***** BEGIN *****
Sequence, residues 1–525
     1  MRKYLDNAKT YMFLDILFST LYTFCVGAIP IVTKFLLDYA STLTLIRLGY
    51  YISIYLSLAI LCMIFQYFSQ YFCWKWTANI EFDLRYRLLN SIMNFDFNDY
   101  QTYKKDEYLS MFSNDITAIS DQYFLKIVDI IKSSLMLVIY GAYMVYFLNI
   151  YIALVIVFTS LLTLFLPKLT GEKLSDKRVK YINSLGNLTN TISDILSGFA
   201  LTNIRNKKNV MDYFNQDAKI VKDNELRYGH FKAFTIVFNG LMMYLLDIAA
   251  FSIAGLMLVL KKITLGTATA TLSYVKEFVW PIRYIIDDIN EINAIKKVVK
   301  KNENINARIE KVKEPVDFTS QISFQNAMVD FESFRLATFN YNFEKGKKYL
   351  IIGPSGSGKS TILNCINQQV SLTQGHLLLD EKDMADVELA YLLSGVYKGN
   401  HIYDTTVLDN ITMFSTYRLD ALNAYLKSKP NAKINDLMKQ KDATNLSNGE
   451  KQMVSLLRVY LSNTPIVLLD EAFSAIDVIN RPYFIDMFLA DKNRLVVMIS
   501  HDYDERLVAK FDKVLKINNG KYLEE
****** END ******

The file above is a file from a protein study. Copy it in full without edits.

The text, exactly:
Sequence, residues 1–525
     1  MRKYLDNAKT YMFLDILFST LYTFCVGAIP IVTKFLLDYA STLTLIRLGY
    51  YISIYLSLAI LCMIFQYFSQ YFCWKWTANI EFDLRYRLLN SIMNFDFNDY
   101  QTYKKDEYLS MFSNDITAIS DQYFLKIVDI IKSSLMLVIY GAYMVYFLNI
   151  YIALVIVFTS LLTLFLPKLT GEKLSDKRVK YINSLGNLTN TISDILSGFA
   201  LTNIRNKKNV MDYFNQDAKI VKDNELRYGH FKAFTIVFNG LMMYLLDIAA
   251  FSIAGLMLVL KKITLGTATA TLSYVKEFVW PIRYIIDDIN EINAIKKVVK
   301  KNENINARIE KVKEPVDFTS QISFQNAMVD FESFRLATFN YNFEKGKKYL
   351  IIGPSGSGKS TILNCINQQV SLTQGHLLLD EKDMADVELA YLLSGVYKGN
   401  HIYDTTVLDN ITMFSTYRLD ALNAYLKSKP NAKINDLMKQ KDATNLSNGE
   451  KQMVSLLRVY LSNTPIVLLD EAFSAIDVIN RPYFIDMFLA DKNRLVVMIS
   501  HDYDERLVAK FDKVLKINNG KYLEE